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January 2014
What's Happening
at IHELP

US Senate Education Committee Testimony – IHELP Associate Director Andrea Venezia presented invited written testimony to the United States Senate Committee on Education on January 15 regarding the Reauthorization of the Higher Education Act. Andrea’s testimony focused on the need to continue the federal government’s support of pre-college outreach programs. Click here to view her testimony.


The College Puzzle Blog – IHELP Faculty Associate Su Jin Jez recently published a blog in Stanford University’s The College Puzzle. Her blog post, titled Black Females Far Exceed Males In College Entrance And Selectivity, draws on the findings in her 2012 report “Analyzing the Female Advantage in College Access among African Americans” and her most recent research titled “An Exploration of Identity Capital as a Predictor of College Attendance Gender Differentials among African Americans.”


College Board Colloquium – Andrea Venezia gave a presentation at the College Board’s Higher Education Colloquium on January 13 in Coronado, CA. Her talk was on “Milestones, Indicators, and Student Supports for Postsecondary Success.” Click here to view her presentation.


Bill & Melinda Gates Foundation Completion by Design Institute IHELP Director Nancy Shulock was an invited speaker at a Bill and Melinda Gates Foundation Completion by Design Institute in North Carolina at which teams of college presidents, board members, faculty, and others from Florida, North Carolina, and Ohio discussed means of engaging stakeholders around funding models aimed to improve academic achievement for target populations.  


New Directions for Community Colleges Journal Chapter – Andrea Venezia co-authored a journal chapter in New Directions for Community Colleges with Katherine Hughes of the College Board entitled, “Acceleration Strategies in the New Developmental Education Landscape.” The article discusses the evidence on developmental, or remedial, education and offers research-based information about new approaches to help students move into college-level courses more quickly.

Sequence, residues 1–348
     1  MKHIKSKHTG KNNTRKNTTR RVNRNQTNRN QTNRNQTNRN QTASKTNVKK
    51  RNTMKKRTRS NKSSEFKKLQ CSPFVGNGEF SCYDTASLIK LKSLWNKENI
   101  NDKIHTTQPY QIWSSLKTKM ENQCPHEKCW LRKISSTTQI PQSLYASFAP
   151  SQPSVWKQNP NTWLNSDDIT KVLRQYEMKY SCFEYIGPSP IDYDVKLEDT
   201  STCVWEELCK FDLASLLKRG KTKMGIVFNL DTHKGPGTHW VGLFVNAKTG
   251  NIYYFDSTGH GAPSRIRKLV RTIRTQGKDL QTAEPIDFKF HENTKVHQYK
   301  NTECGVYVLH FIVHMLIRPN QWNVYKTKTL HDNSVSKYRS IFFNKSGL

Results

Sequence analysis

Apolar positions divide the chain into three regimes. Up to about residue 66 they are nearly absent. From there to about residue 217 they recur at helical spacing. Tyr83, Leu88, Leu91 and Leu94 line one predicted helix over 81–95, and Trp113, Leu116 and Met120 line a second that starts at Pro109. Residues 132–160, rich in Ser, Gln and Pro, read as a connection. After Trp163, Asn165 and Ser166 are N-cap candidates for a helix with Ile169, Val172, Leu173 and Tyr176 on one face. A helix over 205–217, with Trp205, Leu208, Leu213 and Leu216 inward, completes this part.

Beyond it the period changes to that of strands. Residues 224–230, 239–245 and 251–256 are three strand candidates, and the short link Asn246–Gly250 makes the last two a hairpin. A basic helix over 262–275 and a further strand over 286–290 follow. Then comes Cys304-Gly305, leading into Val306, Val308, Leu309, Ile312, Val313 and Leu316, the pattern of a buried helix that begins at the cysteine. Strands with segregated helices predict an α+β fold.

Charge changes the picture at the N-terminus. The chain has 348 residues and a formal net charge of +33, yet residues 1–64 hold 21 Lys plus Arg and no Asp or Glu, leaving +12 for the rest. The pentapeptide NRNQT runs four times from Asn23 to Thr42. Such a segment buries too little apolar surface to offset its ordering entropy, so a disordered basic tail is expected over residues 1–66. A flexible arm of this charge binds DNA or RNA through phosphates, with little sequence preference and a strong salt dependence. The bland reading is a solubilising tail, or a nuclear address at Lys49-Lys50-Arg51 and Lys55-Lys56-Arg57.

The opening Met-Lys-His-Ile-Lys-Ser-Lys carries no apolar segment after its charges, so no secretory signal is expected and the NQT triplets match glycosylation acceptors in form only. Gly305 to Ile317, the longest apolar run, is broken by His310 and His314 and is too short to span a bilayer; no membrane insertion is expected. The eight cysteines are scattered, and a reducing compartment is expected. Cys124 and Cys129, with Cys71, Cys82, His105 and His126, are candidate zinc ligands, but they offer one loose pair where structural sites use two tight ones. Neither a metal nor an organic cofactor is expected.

Feature This Month

Average Won’t Do: Performance Trends in California Higher Education as a Foundation for Action

This new IHELP report is the fifth in a series analyzing California’s postsecondary performance in the areas of preparation, affordability, participation, completion, benefits and finance.  The report provides a summary of trends in each performance area over the past decade and offers a breakdown of performance by region and race/ethnicity. This report, sponsored by the Campaign for College Opportunity, is the first phase of a three-part project to address postsecondary performance in California, with the later installments to include a model public agenda for stakeholder discussion and case studies of state-level leadership in public postsecondary education.

View the report



In Case You Missed It - Workforce Investments: State Strategies to Preserve Higher-Cost Career Education Programs in Community and Technical Colleges

A policy brief by IHELP researchers addresses the challenge of financing community college career and technical education programs. This brief examines finance policies and practices in 20 states and identifies five strategies that may help preserve valuable higher-cost CTE/workforce programs: (1) separate technical colleges or system; (2) differential funding formula that takes program costs into account; (3) performance funding that rewards completions and various workforce-related outcomes; (4) differential tuition whereby students pay more for high-cost programs; and (5) differential course fees by which students pay for costs of lab operation and maintenance, specialized equipment, and supplies. The brief has garnered the attention of the growing numbers of California legislators interested in enhancing community college CTE offerings for students.

View the brief




Spotlight On


WICHE Interstate Passport Initiative


The Western Interstate Commission for Higher Education (WICHE) and the Carnegie Corporation of New York recently launched the Interstate Passport, a block transfer framework designed to help students transfer from one participating institution to another more seamlessly. The framework is based on learning outcomes in oral communication, written communication and quantitative literacy—not on courses or credits—for lower division courses in the general education core or liberal arts core. Sixteen public institutions in Hawaii, North Dakota, Oregon and Utah have agreed to the transfer agreement. Plans for expansion to other institutions, other states, and additional elements of general education are underway. For more information on the Interstate Passport, please click on the links below.


WICHE Interstate Passport


Inside Higher Ed – New Approaches to Transfer

Sacramento State Institute For Higher Education Leadership & Policy

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